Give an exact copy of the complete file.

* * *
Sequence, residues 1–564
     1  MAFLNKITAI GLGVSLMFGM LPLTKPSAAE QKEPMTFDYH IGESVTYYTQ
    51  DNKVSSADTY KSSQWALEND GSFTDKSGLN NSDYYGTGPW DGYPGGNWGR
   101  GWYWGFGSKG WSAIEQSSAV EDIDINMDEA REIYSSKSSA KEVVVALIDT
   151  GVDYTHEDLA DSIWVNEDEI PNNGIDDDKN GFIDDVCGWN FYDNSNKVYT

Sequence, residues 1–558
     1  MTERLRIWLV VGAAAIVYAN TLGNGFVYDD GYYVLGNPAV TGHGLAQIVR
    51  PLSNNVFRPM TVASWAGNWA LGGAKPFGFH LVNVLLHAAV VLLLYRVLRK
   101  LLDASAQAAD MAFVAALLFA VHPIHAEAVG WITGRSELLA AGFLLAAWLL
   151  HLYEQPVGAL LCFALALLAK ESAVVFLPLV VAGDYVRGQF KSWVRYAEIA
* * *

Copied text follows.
Sequence, residues 1–564
     1  MAFLNKITAI GLGVSLMFGM LPLTKPSAAE QKEPMTFDYH IGESVTYYTQ
    51  DNKVSSADTY KSSQWALEND GSFTDKSGLN NSDYYGTGPW DGYPGGNWGR
   101  GWYWGFGSKG WSAIEQSSAV EDIDINMDEA REIYSSKSSA KEVVVALIDT
   151  GVDYTHEDLA DSIWVNEDEI PNNGIDDDKN GFIDDVCGWN FYDNSNKVYT

Sequence, residues 1–558
     1  MTERLRIWLV VGAAAIVYAN TLGNGFVYDD GYYVLGNPAV TGHGLAQIVR
    51  PLSNNVFRPM TVASWAGNWA LGGAKPFGFH LVNVLLHAAV VLLLYRVLRK
   101  LLDASAQAAD MAFVAALLFA VHPIHAEAVG WITGRSELLA AGFLLAAWLL
   151  HLYEQPVGAL LCFALALLAK ESAVVFLPLV VAGDYVRGQF KSWVRYAEIA